The Role of Bank Reserves

The role of bank reserves requires frequent explanation, because of widespread misunderstanding.

Bank reserves do not act as a form of money. They never have. When people used gold as a form of money, and banks had 100% reserves, banks would hold gold to back the claims represented by banknotes or checks. While held as reserves, gold no longer played the role of money. Only after the holders of banknotes and checks exercise their claim on gold (at which time the holder’s claim on the gold would be canceled) with the gold return to its former role as money. Gold and banknotes/checks would never play the role of money at the same time.

This relationship has not changed in the modern banking system, in which we have fractional reserve banking and reserves created by the Federal Reserve. Bank reserves still do not play a role as money. They act more like a control mechanism on the ability of banks to create money.

In an hypothetical situation in which banks must hold a reserve equal to 50% of their deposit liabilities, a bank with $1,000 in reserves (2,000 reserve dollars) could create 2,000 money dollars (I use the phrase money dollars to distinguish them from dollars held as bank reserves). If the Federal Reserve created another thousand dollars in reserves, to pay for assets they acquired from the bank, the bank would have no obligation to create another 2,000 money dollars.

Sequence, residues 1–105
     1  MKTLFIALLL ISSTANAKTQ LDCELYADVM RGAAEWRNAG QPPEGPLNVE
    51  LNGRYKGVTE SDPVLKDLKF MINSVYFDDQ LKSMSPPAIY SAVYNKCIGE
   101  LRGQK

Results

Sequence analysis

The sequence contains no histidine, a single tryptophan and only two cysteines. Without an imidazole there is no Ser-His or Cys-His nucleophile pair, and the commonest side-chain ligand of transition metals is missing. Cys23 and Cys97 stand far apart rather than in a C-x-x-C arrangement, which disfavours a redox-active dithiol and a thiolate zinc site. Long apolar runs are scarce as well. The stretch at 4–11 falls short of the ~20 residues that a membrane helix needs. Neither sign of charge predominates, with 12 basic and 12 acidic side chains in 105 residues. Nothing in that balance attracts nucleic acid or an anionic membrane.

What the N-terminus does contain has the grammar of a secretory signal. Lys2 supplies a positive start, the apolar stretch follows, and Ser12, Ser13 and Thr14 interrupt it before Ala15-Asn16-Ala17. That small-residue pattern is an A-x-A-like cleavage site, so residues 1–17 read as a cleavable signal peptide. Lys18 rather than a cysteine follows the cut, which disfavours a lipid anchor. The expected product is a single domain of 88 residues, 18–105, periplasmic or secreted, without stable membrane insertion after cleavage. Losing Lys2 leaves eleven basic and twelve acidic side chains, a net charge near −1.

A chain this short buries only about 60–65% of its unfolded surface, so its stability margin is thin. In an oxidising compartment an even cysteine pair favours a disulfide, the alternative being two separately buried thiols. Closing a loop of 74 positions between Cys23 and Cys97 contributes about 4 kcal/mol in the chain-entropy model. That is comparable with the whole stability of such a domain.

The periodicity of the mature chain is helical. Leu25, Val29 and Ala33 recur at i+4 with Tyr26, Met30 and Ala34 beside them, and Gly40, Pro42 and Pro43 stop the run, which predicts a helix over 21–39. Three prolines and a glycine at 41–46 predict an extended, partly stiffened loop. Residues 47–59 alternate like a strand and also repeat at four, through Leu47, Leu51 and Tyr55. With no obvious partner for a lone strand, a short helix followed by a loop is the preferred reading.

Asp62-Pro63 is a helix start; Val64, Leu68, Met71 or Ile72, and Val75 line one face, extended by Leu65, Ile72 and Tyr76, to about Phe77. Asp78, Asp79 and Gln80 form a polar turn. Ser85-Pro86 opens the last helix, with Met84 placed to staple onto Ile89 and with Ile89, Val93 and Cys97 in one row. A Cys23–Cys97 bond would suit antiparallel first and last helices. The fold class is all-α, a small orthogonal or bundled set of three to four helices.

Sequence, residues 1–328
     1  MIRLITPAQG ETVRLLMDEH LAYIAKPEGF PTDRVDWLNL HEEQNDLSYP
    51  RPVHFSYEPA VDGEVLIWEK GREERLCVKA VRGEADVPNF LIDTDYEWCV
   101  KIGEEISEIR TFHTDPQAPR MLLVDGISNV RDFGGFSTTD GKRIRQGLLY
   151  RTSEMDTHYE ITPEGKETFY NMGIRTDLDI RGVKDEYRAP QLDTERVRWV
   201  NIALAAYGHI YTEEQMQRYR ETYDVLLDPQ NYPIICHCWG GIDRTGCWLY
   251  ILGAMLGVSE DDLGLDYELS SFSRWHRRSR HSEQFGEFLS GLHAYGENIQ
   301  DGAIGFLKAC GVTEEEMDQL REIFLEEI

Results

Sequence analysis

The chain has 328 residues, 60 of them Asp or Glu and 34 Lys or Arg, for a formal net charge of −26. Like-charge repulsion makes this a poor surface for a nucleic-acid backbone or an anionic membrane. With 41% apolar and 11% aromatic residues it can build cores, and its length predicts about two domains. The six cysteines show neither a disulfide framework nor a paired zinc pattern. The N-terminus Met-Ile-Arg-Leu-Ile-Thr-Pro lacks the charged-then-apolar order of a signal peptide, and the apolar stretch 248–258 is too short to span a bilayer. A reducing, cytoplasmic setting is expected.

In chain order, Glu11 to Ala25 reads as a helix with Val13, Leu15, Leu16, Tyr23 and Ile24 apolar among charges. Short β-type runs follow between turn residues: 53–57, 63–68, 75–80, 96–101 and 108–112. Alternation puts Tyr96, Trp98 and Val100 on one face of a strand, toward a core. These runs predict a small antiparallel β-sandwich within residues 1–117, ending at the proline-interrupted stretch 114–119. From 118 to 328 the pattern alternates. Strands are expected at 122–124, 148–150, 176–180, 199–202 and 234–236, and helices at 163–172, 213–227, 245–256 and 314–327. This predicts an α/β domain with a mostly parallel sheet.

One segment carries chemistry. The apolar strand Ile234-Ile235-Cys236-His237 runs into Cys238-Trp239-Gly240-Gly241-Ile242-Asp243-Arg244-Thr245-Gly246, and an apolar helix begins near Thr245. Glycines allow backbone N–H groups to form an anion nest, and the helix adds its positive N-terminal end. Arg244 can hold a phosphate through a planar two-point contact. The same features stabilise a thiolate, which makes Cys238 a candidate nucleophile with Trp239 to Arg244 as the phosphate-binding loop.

Historically, because of the relatively low level of bank reserves, when the Fed increased the quantity of reserves, banks would have sufficient demand for money that they would buy an adequate number of notes to fully use the capacity of their moneymaking capability. With the massive run-up in bank reserves during the financial crisis of 2008, banks no longer had access to a sufficient number of quality notes to use their full moneymaking capacity.


Although the role of bank reserves has played a very important part in the structure of banking over the years, they are frequently misunderstood. I have only touched on the subject briefly in this post and will probably return to it several times in future blog posts.

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